When the poor and needy seek water, and there is none, and their tongue faileth for thirst, I the Lord will hear them, I the God of Israel will not forsake them. I will open rivers in high places, and fountains in the midst of valleys: I will make the wilderness a pool of water, and the dry land springs of water. I will plant in the wilderness the cedar, the shittah tree, and the myrtle, and the oil tree; I will set in the desert the fir tree, and the pine, and the box tree together.…

Isaiah xli. 17–19.




The general interest that has been shown in the theory of dew-ponds which we advanced in the first edition induces us to give the results of certain experiments which we have carried out since its publication.

We held, and we hold, that experiments conducted on a laboratory scale would not be conclusive, because, except on a very still night, the air passing over a small chilled surface would not remain in contact with it for a sufficient time to become itself chilled. Furthermore, even if chilled, it would not deposit its moisture in the prepared receptacle. We, therefore, determined to construct a large dew-pond, in a thoroughly scientific manner. Had we been able to carry out our original design we believe that it would have been successful even without the further improvements which experience has shown us might have been introduced.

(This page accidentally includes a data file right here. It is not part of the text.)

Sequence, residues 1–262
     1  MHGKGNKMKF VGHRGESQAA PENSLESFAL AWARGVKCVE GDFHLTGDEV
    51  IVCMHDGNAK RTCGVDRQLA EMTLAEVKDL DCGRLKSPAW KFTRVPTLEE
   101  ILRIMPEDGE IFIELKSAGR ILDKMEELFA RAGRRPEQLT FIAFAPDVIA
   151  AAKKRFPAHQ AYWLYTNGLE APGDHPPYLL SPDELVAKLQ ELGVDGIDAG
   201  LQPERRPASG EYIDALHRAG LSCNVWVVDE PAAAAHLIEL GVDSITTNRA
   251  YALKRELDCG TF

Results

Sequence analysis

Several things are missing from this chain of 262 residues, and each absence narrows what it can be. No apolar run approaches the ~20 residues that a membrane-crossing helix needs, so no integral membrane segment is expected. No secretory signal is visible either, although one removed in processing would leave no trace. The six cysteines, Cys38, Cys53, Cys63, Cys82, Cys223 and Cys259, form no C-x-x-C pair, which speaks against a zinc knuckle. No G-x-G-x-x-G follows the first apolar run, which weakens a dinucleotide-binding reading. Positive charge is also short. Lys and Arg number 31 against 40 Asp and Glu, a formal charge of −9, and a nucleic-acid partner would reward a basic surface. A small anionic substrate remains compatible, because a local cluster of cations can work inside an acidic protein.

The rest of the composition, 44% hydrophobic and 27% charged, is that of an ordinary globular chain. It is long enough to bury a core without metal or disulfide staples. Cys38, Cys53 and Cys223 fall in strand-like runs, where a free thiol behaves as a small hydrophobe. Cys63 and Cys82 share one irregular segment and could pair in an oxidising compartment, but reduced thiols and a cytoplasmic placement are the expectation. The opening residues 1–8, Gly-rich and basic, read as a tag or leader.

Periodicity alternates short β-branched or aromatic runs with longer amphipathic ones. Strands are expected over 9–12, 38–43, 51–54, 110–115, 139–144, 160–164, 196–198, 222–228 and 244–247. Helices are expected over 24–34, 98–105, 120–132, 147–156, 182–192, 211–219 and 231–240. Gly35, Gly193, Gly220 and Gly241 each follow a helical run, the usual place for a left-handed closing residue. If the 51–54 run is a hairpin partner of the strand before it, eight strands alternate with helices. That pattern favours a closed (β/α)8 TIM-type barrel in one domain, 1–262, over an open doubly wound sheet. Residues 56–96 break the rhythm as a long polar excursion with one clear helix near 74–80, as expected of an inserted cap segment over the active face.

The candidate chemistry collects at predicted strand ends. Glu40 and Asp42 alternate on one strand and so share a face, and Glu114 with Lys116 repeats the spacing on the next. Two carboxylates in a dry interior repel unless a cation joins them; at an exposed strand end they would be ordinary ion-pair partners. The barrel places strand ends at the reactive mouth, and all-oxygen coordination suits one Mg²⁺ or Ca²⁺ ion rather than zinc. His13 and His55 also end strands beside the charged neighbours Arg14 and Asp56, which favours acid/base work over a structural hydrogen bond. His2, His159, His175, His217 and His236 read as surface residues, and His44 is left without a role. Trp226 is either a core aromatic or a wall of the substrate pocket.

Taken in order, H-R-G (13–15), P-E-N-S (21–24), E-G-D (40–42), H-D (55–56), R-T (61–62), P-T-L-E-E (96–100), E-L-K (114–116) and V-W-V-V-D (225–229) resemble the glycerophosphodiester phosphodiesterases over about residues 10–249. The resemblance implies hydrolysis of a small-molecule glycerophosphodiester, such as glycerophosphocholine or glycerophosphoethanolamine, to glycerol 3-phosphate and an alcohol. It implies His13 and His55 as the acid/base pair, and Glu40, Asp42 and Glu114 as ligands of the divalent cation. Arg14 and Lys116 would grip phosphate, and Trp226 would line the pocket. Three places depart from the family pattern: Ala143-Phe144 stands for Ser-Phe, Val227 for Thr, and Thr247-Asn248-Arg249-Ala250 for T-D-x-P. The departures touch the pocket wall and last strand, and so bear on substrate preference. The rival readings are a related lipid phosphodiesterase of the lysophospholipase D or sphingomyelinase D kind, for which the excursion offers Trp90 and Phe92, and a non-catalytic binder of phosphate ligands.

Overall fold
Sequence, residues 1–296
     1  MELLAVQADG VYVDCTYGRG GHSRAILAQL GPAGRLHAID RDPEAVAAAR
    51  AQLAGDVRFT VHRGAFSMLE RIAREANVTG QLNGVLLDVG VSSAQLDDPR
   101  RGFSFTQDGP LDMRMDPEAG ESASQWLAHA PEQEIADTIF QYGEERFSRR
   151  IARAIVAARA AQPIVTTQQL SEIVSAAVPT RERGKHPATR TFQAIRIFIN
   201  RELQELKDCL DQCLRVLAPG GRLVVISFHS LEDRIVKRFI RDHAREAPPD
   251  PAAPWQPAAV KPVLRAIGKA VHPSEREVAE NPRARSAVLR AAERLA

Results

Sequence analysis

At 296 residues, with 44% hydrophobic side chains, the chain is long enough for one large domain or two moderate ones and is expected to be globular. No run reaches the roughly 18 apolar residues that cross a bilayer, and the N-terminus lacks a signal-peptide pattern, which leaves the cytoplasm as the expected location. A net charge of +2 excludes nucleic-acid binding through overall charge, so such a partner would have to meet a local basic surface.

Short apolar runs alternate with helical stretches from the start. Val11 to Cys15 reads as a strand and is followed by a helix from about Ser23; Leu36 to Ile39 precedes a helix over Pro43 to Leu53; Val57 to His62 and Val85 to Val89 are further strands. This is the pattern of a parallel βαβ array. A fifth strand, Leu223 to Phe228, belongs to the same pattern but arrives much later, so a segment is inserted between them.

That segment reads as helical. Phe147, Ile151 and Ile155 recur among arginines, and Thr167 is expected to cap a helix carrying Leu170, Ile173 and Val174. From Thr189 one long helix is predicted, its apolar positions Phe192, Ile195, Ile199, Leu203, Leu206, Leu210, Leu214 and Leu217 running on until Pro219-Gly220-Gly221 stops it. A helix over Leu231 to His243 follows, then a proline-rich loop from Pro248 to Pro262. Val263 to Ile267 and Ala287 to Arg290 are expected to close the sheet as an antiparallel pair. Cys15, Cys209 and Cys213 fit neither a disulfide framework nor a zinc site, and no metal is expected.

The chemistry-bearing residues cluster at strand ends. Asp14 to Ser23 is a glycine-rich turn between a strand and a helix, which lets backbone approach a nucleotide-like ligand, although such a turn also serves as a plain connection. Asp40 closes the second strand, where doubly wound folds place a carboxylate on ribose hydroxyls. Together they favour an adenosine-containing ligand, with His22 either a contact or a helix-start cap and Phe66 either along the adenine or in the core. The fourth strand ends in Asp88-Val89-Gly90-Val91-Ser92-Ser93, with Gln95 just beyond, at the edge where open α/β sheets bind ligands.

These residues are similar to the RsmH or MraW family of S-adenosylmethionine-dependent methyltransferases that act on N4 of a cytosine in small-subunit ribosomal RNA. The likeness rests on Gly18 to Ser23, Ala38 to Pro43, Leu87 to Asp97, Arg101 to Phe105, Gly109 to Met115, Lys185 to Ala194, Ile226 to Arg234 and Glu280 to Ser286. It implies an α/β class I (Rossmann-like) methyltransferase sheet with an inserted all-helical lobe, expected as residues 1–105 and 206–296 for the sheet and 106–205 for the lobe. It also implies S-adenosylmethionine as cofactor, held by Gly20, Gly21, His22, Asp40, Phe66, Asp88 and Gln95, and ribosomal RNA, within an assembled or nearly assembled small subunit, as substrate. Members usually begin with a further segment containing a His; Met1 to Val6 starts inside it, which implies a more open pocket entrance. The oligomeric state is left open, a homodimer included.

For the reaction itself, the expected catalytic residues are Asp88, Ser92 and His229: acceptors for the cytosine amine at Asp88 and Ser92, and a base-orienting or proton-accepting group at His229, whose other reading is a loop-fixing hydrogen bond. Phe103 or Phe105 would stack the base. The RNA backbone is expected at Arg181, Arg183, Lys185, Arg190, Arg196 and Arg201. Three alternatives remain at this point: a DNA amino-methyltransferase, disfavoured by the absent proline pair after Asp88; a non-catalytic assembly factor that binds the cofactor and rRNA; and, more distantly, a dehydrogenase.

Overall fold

At first we endeavoured to obtain a patch of land at some fair elevation, but, as this was not practicable in any convenient locality, we finally made up our minds to be satisfied with a low-lying site. We trusted to our methods in the construction of the dew-pond to overcome this disadvantage, and considered that if it succeeded in such a situation, the {110} general applicability of the system would have been more conclusively demonstrated.

For the reasons already given, we determined that our pond should have a large superficial area. We began by excavating the ground over a space 100 feet square, thus obtaining a superficial area of 10,000 feet. The excavation was carried to a uniform depth of 1 ft. 6 in., and a layer of 4 in. of concrete was laid over the whole. Upon this we put a coating of pitch to stop any moisture from below from penetrating through the concrete to the layer of non-conducting material that we intended to lay. In order to form a suitable bed for the non-conductor, we spread dry sand over the tarred surface.

After much consideration we selected mica, as used for boiler-covering, for our non-conducting material. This was specially manufactured for us in blocks resembling paving-stones, 2 ft. square, and 2 in. thick. Our original intention was that these blocks of mica should be made with a very thin, impermeable, white enamel, in order to reduce to a minimum any heat-retaining material on their surface, and we intended to run asphalt only into the joints between them.